For the fundamentalist, this line of reasoning applies to the Hebrew Scriptures as well, which is supposed to be just as much "without error" as the Christian New Testament. There, entire books, such as Samuel and Kings differ dramatically in their details from the Chronicles; yet, both sets of accounts are describing the same episodes of David. Here, the crazy justification of inerrancy is that these events also must have happened twice.
The reality, however, is that most "rank and file" fundamentalists do not have to read the Bible at all to remain loyal to their belief in its inerrancy. They are more loyal to the claim that the Bible is inerrant than they are to what the Bible is actually saying. It is a particular claim to which they are loyal, and they let that claim determine much wider distinctions --such as "who is truly a Christian and who is not?" "Who is truly one of the saved, and who is not?" The answer to those questions is often determined by one's belief in the inerrancy of the Bible itself, not in any deeper belief about God.
Many religious persons have discovered that critical scholarship is far from being an enemy of faith, that, in fact, it has given faith a way to live in the modern world. It is the fundamentalists, however, who create their own problem by stumbling upon the categories of scientific error and consistency in their scriptural interpretation. They are guided not by a principled biblical interpretation at all. They are guided by a vague but insistent notion that what they believe is not subject to criticism or intellectual discussion. Furthermore, any reading of religious history quickly becomes naive for fundamentalists, resulting in such strained conclusions as the claim that Jericho must have fallen to Joshua, been re-built, and then fallen again to Joshua.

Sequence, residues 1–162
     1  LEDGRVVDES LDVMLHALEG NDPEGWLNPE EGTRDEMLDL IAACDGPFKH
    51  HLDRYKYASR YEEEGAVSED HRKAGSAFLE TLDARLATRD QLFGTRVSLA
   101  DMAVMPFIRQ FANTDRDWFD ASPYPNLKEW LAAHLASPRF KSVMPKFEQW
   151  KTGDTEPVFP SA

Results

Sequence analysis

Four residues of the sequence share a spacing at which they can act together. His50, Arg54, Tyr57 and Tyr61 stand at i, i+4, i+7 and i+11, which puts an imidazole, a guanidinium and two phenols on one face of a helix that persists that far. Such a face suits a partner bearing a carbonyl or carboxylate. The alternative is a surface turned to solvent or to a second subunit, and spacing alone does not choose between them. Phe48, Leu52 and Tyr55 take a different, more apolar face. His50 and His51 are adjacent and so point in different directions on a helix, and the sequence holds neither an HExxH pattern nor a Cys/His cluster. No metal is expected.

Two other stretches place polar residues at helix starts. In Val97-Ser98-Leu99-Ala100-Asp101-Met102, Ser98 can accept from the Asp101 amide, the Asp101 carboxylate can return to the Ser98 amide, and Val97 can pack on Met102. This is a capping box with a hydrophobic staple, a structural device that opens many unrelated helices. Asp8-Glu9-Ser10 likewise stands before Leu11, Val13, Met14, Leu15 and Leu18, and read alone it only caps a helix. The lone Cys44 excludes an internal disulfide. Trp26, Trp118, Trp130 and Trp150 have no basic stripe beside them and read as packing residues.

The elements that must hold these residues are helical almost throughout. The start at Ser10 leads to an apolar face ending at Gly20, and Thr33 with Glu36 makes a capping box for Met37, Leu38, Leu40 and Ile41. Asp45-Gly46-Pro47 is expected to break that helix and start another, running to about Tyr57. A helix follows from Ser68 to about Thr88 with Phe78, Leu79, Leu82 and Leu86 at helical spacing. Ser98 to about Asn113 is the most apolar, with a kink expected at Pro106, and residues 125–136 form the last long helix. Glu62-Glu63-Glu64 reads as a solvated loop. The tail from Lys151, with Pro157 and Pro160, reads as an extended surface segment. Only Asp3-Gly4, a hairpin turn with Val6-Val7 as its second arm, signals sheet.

Intellectually, and sometimes culturally, fundamentalists are also separatists; they are outright hostile to any modern theology or to anything modern at all. Yet, in actuality, the behavior of fundamentalists is fairly modern and secular; they easily use such modern communication devices as radio, television, mass mailing, and, of course, the internet. Moreover, fundamentalists are strangely modern in an intellectual sense. They have assumed that the standards of modern logical positivism and scientific empiricism are the same standards used to evaluate the truth of scripture.
The John Scopes Trial of 1925
All these features of fundamentalism were present in the famous, and fabulously funny, trial of John Scopes in 1925, often titled “The Scopes Monkey Trial.” In January of 1925, the state of Tennessee had passed the so-called Butler bill, stating that, “It shall be unlawful for any teacher in any of the universities, normals, and all other public schools of the State … to teach any theory that denies the story of the Divine Creation of man as taught in the Bible, and to teach instead that man has descended from a lower order of animals.” Any teacher found guilty of the misdemeanor would be fined between $100 and $500.
The American Civil Liberties Union (ACLU) advertised to pay the costs of a test case, to test the statute in court. A mining engineer in Dayton, Tennessee, George W. Rappelyea, convinced John Scopes, a mathematics-turned-biology teacher, to admit to violating the statute.